Democratic candidates blast Greenspan comments
Proposed cuts to Social Security panned
Alan Greenspan testifies before the House Budget Committee on Capitol Hill Wednesday.
U.S. Federal Reserve Chairman Alan Greenspan tells a congressional panel the Social Security retirement age may need to be raised.
(CNN) -- Democratic presidential contenders on Wednesday condemned Federal Reserve Chairman Alan Greenspan's warning that future cuts in Social Security and Medicare spending will be necessary.
"If I'm president, we're simply not going to do it," Sen. John Kerry of Massachusetts, said during a campaign stop in Ohio, one of 10 states holding Democratic presidential contests next week.
Kerry's chief rival for the Democratic nomination, Sen. John Edwards of North Carolina, called Greenspan's proposal an "outrage."
Distancing himself from Greenspan, President Bush said he did not believe current retirees' benefits should be cut, but restated his support for allowing younger workers to invest a portion of their Social Security taxes in private accounts.
Bush insisted that his proposed budget would cut the current projected deficit of more than $500 billion in half within five years.
"As you know, in the 2000 campaign I articulated a point of view that we ought to have personal savings accounts for younger workers that would make sure those younger workers receive benefits equal to or greater than that which is expected," Bush told reporters at the White House. "I still maintain the same position."
Greenspan warned a House committee Wednesday that growing federal budget deficits and the retirement of Baby Boomers will require future cuts in Social Security and Medicare to avoid tax increases that would damage the economy. Since that population will begin to draw Social Security benefits within the decade, he said Congress has a "reasonably short" time to head off a crisis.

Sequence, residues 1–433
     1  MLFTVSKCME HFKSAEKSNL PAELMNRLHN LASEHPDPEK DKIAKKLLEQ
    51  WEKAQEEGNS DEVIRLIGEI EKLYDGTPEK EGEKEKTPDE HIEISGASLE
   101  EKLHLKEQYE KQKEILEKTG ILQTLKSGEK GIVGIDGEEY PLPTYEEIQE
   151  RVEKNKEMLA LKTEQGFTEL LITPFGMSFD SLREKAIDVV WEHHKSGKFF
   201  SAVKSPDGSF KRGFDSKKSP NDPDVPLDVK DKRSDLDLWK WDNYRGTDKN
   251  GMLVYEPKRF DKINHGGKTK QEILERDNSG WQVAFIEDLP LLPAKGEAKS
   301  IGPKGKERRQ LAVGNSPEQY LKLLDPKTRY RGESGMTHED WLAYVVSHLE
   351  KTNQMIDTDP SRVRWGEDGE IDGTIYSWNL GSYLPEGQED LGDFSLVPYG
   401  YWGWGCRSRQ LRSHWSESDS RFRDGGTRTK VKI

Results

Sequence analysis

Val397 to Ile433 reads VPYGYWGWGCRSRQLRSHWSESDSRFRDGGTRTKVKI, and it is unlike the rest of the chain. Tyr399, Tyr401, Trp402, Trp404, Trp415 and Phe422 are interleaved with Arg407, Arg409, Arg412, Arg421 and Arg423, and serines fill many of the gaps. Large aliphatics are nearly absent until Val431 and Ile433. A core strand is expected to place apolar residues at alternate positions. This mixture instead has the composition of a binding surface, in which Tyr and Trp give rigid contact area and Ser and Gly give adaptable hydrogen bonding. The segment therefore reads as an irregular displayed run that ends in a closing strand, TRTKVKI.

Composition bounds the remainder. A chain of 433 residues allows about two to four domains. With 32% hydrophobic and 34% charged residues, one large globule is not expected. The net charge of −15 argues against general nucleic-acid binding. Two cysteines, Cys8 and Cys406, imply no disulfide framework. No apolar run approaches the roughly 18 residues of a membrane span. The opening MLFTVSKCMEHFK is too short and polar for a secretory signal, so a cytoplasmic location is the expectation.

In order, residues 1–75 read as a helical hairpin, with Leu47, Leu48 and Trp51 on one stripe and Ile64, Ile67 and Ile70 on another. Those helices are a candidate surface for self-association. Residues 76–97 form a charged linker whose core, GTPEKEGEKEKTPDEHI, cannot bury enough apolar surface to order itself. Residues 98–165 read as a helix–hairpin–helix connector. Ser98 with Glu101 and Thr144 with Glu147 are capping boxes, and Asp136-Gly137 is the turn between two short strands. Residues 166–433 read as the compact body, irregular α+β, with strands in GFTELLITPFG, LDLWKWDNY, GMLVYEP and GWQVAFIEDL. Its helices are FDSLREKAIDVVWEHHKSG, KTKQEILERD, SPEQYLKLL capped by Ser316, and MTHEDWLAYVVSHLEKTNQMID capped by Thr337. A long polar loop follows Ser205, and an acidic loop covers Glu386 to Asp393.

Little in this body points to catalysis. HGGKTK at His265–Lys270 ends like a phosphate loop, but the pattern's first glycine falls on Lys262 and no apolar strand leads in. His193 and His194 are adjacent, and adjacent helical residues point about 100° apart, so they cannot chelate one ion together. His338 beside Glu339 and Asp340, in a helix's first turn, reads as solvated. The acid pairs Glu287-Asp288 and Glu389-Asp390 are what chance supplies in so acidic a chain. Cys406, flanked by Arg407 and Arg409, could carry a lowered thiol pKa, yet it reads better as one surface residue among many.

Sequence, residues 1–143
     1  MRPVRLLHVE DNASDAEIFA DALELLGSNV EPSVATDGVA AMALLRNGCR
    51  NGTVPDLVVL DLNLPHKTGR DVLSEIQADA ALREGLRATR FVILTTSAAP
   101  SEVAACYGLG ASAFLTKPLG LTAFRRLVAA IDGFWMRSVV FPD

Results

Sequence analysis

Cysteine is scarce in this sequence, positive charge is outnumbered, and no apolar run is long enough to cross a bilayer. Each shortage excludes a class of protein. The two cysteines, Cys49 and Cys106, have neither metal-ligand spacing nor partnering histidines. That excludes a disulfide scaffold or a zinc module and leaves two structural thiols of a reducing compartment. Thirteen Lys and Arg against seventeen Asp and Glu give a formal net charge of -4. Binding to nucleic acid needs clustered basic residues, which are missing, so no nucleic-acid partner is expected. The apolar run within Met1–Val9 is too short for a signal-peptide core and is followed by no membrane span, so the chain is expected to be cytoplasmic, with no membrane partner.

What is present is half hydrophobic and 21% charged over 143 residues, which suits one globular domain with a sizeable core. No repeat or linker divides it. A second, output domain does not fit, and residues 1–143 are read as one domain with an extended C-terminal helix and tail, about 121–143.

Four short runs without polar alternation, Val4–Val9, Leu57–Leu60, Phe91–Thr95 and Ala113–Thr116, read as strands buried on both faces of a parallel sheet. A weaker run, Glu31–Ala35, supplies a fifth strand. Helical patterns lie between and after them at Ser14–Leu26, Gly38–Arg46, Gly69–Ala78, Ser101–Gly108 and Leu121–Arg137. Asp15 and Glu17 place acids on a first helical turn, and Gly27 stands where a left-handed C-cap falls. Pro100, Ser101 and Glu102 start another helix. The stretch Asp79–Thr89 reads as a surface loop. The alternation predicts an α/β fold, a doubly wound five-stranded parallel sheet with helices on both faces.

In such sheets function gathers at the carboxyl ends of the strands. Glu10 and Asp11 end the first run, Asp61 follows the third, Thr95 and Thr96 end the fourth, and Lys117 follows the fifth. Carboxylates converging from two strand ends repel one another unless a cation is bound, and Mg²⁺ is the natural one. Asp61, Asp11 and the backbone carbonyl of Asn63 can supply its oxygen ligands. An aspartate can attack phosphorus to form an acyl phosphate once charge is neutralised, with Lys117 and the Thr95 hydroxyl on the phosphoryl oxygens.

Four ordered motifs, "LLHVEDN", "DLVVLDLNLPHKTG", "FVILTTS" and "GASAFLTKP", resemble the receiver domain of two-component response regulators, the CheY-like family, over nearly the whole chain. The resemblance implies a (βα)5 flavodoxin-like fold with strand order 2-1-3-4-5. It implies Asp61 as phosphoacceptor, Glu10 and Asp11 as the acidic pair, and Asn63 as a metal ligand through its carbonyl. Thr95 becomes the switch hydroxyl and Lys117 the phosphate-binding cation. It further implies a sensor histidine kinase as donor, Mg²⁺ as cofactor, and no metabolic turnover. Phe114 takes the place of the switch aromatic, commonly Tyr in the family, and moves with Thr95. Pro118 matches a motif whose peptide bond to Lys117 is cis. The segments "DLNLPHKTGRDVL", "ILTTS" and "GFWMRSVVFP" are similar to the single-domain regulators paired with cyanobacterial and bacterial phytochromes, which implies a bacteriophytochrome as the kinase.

Greenspan's testimony to the House Budget Committee brought quick criticism from the Democratic campaign trail.
Kerry, the front-runner, said cutting Social Security would be "the wrong way to cut the deficit."
"I welcome this debate," he said. "This is a debate that I will win, and we will win, and we will restore our economy in a way that is fair to Americans without destroying the solemn contract of Social Security in this nation."
Edwards also weighed in with a written statement.
"Alan Greenspan is right to call attention to the record-shattering deficit under President George Bush," the senator said. "But it is an outrage for him to suggest that we should extend George Bush's tax cuts on unearned wealth while cutting Social Security benefits that working people earn."
Greenspan told the House committee that the Bush tax cuts -- the centerpiece of the president's economic policy -- would benefit the economy over the long run and should be extended, as the president is asking Congress to do.
Edwards proposed rolling back the tax cuts on wealthy Americans, saying doing that -- combined with a new tax on the richest 1 percent of taxpayers and the elimination of corporate subsidies and wasteful spending -- would reduce the deficit and shore up Social Security's fiscal foundations.
Greenspan said he does not support cutting benefits to current retirees.
"We have an obligation to those in and near retirement to honor what has been promised to them," he said.